For instance, if all thinking beings were to cease to exist, all at once, then there would still be rocks, and stars, and trees, and living beings. But there would not be any truth or falsehood. For there would not be any thoughts which could be either true or false.

7.

A person might say: “But isn’t it true that, if all of the thinking beings in our universe were to disappear, then there would still be rocks and trees and stars left over? So, it seems as if there would still be truth, after all.”

But, this would not be a truth that existed in that universe. In our minds – in our universe – there is the thought, “there would still be rocks and trees and stars in a universe like that,” and that thought – the one in our universe – is true. But in that universe, where our minds do not exist, there would be no thoughts that could be either true, or false. There would just be the beings in that world, and nothing more.

8.

From the above, it follows that being is prior to truth.

By “x is prior to y,” I mean that x can exist without y, but y cannot exist without x.

Hence, being is prior to truth. For there can be being without truth, but there cannot be any truth without being – since truth is just the agreement between a thought and reality.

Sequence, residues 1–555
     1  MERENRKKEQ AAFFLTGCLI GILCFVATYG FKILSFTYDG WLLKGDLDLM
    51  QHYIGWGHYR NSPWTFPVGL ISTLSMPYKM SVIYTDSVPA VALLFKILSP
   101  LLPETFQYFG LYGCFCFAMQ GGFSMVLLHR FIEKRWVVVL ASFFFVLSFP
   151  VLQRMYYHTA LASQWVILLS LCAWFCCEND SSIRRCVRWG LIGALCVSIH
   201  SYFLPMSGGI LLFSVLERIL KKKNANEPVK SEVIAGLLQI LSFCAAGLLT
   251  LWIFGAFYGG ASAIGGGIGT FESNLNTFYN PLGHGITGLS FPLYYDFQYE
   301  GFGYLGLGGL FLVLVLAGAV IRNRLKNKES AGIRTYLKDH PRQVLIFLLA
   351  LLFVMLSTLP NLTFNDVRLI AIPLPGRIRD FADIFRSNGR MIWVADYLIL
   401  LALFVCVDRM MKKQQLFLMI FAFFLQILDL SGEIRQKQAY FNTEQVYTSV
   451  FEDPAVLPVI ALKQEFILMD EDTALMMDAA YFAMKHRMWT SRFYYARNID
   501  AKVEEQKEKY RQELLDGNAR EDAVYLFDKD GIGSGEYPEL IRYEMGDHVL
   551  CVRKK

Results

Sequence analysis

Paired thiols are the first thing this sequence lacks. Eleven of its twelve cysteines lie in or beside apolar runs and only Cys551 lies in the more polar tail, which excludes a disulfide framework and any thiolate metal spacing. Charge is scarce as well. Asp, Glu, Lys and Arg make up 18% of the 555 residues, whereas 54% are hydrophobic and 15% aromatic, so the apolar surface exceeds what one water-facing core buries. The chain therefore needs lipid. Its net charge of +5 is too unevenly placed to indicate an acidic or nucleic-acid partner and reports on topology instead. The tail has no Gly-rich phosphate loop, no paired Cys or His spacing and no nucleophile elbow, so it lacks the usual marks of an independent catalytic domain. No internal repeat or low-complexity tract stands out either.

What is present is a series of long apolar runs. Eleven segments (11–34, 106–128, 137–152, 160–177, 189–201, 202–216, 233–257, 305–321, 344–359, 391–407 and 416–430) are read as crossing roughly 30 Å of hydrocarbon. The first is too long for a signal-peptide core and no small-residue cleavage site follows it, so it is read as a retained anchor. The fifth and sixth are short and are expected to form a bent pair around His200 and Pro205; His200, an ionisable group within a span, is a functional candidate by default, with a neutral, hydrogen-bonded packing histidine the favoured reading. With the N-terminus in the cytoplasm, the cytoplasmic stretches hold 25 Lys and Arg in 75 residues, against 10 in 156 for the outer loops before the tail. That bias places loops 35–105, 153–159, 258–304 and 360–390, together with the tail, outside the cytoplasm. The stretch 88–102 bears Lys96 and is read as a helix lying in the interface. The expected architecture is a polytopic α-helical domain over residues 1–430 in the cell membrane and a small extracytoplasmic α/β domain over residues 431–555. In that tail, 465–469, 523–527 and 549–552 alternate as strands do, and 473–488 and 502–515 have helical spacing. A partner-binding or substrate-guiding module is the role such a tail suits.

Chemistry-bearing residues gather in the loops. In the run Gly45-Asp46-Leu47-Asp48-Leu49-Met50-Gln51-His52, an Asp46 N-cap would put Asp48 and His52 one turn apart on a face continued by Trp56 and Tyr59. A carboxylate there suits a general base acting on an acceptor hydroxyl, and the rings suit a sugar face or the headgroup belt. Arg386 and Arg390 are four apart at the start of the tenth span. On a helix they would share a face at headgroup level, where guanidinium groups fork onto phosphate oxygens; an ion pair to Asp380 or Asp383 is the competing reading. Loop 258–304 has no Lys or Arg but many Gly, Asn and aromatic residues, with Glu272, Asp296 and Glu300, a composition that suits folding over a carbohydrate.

9.

Likewise, it follows that thought is prior to truth. For there can be thought without truth (“a tree”), but there cannot be truth without thought.

10.

Likewise, it follows that there could only be an eternal truth if there is always at least one thinker who is thinking a certain thought which is always true.

For instance, “2 + 2 = 4” could only be an eternal truth if there is always at least one thinker who is thinking that “2 + 2 = 4.” But, if there is a period of time in which no one is thinking that thought, then there would be no meaningful sense in which it is “true,” during that period of time, that “2 + 2 = 4.” Likewise, then, with all other mathematical or logical truths.

11.

Finally, it remains to say what, precisely, a “truth” is.

Earlier, I said that a thought “is” true if it is in agreement with reality. But, the truth is not a property of a thought, nor is it a part of a thought.